In the present invention, a polymer having an aldehyde moiety can also be isolated with substantial purity. Once the activated polymer having an aldehyde hydrate moiety is made in situ at acidic pH, an organic solvent such as methylene chloride is added to and mixed with the reaction mixture. The aldehyde hydrate moiety linked to the polymer is converted to an aldehyde moiety in the organic phase and is extracted into the organic solvent. Drying and removal of the solvent is done by distillation in an inert atmosphere. Preferably, the compound is stored in the cold under an inert atmosphere. The aldehyde derivative of the polymer is substantially pure.
In one useful application of this method, mPEG2000 OH (MW=2000, 10 g, 0.005 moles, was dissolved in dioxane (250 ml) and 75 ml of solvent was distilled to azeotropically remove water. The solution was then cooled to room temperature and 3.8 ml (0.025 moles) of chloroacetaldehyde diethyl acetal was added under N2. Powdered NaOH (2.0 g, 0.05 moles) was then added and the resulting suspension was stirred vigorously under reflux for 24 hours. An additional 80 ml of solvent was removed by distillation and refluxing was continued for 24 hours. After cooling to room temperature, the suspension was filtered and the filtrate evaporated to dryness under vacuum using a 50!C. bath. The residue was dissolved in 100 ml of water and the pH adjusted to 7.0 with dilute HCl. The solution was then extracted with three 75 ml portions of CH2 Cl2 and the combined extracts dried over Na2 SO4 and evaporated under vacuum to about 10 ml. Cold ethyl ether (250 ml) was added and the resulting precipitate was collected by vacuum filtration and dried under vacuum to obtain the product as a white powder (7.1 g). 1 H nmr (200 Mhz, dmso-d-6) was useful in structural and purity determination. Particularly relevant was the PEG backbone absorption at 3.51 ppm, the ethyl triplet absorption at 1.11 ppm [(--CH2 CH3 ], and the acetal triplet at 4.55 ppm [(--CH2 CH(OC2 H5)2 ]. Integration of the acetal triplet relative to the PEG backbone peak allowed determination of the degree of PEGylation to be 85-98% for mPEG acetals prepared by this method.
The mPEG acetaldehyde hydrate was generated in solution by heating a stirred solution of PEG2000 acetaldehyde diethyl acetal under N2 in aqueous H3 PO4 (pH 2) at 50!C. for 2 hours. NMR studies of this reaction in D3 PO4 /D2 O demonstrated the presence of PEG acetaldehyde hydrate in solution (4.97 ppm, triplet, --CH2 CH(OD)2 ] as a product of these reactions. The following conditions result in 100% hydrolysis of mPEG2000 acetaldehyde diethyl acetal:
______________________________________Solvent pH Temperature (?C) Time______________________________________acetic acid/water 2.6 37 44 hacetic acid/water 2.6 77 25 minphosphoric acid/water 2.0 37 8 hphosphoric acid water 2.0 50 2 hphosphoric acid/water 1.0 37 20 mintrifluoroacetic acid/water 1.0 37 20 min______________________________________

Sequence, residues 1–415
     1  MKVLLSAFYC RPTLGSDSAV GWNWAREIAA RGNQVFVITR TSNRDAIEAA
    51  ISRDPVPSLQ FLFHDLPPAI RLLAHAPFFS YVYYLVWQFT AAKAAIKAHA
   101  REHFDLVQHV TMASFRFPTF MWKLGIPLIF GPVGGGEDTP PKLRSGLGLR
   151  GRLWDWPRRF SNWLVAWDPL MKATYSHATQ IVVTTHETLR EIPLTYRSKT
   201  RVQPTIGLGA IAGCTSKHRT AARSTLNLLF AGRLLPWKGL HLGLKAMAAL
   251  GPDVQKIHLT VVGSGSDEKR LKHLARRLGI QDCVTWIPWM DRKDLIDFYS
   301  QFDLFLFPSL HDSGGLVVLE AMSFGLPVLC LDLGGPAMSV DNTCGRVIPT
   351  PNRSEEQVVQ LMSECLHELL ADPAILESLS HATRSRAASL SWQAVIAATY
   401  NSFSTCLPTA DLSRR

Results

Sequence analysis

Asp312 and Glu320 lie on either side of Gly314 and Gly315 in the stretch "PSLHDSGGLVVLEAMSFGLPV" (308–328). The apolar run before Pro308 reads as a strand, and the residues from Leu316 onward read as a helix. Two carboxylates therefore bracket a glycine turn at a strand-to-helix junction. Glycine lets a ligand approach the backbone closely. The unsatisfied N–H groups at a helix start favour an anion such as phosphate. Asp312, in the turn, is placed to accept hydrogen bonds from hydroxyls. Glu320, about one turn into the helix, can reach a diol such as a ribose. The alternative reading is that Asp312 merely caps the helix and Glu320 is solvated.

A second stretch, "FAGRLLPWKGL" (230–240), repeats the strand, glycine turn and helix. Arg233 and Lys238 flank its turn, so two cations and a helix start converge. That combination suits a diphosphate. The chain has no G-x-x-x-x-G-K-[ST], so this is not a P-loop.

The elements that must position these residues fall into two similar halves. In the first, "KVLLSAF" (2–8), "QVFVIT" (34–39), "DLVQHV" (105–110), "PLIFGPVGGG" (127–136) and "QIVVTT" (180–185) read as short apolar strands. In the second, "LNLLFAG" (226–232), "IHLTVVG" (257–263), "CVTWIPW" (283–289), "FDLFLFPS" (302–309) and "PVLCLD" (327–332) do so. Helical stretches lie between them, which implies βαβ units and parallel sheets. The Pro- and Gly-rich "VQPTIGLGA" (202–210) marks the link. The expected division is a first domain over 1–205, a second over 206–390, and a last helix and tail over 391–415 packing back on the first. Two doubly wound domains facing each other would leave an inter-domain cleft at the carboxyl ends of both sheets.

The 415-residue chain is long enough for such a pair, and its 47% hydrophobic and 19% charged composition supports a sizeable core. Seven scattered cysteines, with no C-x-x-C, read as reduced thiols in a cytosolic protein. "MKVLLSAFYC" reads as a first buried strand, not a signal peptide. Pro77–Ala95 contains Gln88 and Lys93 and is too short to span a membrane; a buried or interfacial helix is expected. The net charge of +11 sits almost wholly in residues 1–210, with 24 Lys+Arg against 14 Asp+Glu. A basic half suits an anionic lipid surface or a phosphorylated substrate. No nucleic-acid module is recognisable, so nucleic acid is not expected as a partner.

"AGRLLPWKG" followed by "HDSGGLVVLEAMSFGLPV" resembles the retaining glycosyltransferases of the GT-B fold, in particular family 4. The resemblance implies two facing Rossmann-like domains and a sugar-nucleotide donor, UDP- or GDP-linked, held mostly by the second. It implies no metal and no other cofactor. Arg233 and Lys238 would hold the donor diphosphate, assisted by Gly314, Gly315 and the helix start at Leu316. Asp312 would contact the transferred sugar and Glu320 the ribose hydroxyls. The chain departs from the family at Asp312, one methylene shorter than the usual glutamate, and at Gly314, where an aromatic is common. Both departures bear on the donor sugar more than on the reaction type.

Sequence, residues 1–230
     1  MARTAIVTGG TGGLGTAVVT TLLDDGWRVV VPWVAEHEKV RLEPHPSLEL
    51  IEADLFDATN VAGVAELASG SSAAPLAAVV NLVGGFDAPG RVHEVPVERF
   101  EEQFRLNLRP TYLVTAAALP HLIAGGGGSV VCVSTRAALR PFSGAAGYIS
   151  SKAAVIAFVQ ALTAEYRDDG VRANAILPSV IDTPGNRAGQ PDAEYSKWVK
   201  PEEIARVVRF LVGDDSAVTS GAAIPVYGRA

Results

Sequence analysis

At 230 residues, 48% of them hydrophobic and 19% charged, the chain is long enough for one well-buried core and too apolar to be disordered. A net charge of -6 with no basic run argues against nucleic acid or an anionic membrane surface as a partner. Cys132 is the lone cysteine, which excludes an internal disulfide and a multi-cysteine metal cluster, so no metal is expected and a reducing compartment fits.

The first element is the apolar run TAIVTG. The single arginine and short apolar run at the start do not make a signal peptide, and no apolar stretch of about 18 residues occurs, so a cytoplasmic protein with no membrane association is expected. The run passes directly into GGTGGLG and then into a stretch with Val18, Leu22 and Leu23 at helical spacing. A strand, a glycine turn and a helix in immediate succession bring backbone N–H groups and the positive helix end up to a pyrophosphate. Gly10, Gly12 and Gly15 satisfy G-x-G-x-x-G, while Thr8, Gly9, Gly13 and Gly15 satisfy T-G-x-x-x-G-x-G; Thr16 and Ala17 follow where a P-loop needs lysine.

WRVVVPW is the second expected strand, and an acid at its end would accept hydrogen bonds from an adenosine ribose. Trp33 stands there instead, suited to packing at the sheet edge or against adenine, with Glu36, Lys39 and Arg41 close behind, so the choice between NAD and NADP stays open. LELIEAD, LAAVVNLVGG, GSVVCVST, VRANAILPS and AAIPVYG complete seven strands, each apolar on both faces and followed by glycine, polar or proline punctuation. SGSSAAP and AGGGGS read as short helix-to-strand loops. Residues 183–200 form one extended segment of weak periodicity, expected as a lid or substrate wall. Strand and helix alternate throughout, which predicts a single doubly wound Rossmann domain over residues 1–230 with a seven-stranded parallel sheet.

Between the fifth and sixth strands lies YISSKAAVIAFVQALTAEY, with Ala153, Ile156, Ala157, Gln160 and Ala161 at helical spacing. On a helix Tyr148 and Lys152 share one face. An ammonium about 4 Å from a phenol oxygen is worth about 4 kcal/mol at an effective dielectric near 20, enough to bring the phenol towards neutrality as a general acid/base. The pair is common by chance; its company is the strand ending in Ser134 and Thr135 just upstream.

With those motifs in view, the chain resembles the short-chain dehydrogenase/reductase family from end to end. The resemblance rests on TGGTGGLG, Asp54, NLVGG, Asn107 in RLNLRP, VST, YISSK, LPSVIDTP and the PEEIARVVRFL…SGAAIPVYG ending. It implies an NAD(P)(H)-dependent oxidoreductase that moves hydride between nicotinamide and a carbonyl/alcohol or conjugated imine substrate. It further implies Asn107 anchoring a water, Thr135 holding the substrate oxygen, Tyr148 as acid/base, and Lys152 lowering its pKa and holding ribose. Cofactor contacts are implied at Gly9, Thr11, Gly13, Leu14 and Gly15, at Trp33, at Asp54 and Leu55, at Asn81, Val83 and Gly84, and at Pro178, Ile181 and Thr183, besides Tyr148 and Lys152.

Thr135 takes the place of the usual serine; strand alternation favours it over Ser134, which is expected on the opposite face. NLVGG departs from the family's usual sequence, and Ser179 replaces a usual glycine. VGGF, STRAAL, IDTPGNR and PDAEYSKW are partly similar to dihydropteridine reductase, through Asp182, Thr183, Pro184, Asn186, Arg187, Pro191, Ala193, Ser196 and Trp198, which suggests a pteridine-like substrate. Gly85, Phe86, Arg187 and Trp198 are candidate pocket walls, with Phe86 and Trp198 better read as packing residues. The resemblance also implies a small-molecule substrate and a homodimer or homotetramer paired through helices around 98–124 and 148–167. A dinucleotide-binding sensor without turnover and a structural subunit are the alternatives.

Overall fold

In a typical example, 1 g of mPEG2000 acetaldehyde diethyl acetal was heated at 40-50!C. in 10 ml of aqueous phosphoric acid (pH 1) for 20 minutes or at pH 2 at 50!C. for 2 hours. After cooling the resulting solution to room temperature, the pH was carefully adjusted to 6 by dropwise addition of 5% aqueous sodium bicarbonate to the rapidly stirred solution. The resulting solution was saturated with NaCl and extracted with methylene chloride (3×20 ml). The extract was dried over Na2 SO4, filtered, and the filtrate evaporated to about 10 ml under vacuum. Addition of cold ethyl ether (200 ml) precipitated the mPEG2000 acetaldehyde which was collected by vacuum filtration and dried under vacuum at room temperature. The yield was 760 mg (76%) and the degree of substitution was 93% by 1 H nmr. Gel permeation chromatography (Waters Ultrhydrogel 250, 7.8×300 mm, phosphate buffer, pH 7.2) showed no higher molecular weight materials which would be formed by aldol condensation. The 1 H nmr in d-6 DMSO displayed the characteristic PEG backbone absorption at 3.51 ppm and the aldehyde singlet at 9.57 ppm. When the nmr was recorded in D2 O, the triplet charactristic of the PEG aldehyde hydrate at 4.97 ppm was observed. The PEG acetaldehyde must be stored at low temperature under inert gas to prevent oxidation.
In a 3-necked, 500 ml round-bottom flask were placed 300 ml of dioxane and 14 g of BzO--PEG3400 --OH (MW=3400, 0.0040 moles). The resulting solution was then azeotropically dried by distillation under N2 of 130 ml of solvent. After cooling the solution, finely powdered NaOH (0.8 g, 0.02 moles) and ClCH2 CH(OC2 H5)2 (3 ml, 0.02 moles) were added under N2 and the resulting suspension was rapidly stirred while refluxing over a 24 h period. Thirty ml of dioxane was then removed by distillation and the rapidly stirred solution was refluxed under N2 for an additional 24 h. The suspension was then cooled and filtered with the addition of Celite™. The filtrate was evaporated under vacuum and 200 ml of ethyl ether was added to the residual oil. The resulting precipitate was collected by filtration and dried under vacuum at room temperature to obtain a tan powder (13.6 g). The powder was dissolved in CH2 Cl2 (35 ml) and reprecipitated by the addition of 500 ml of cold ethyl ether. The precipitate was collected by filtration and dried under vacuum at room temperature to obtain 13.0 g of BzO--PEG3400 --OCH2 CH(OC2 H5)2 as a white powder (purity 94-98% by 1 H nmr). 1 H nmr (DMSO-d6): d 1.11 (t, OCH2 CH3); 3.51 (br m, O--CH2 CH2 --O), 4.48 (s, C6 H5 --CH2 O); 4.55 (t,--CH(OC2 H5)2), 7.32 (s, C6 H5 --)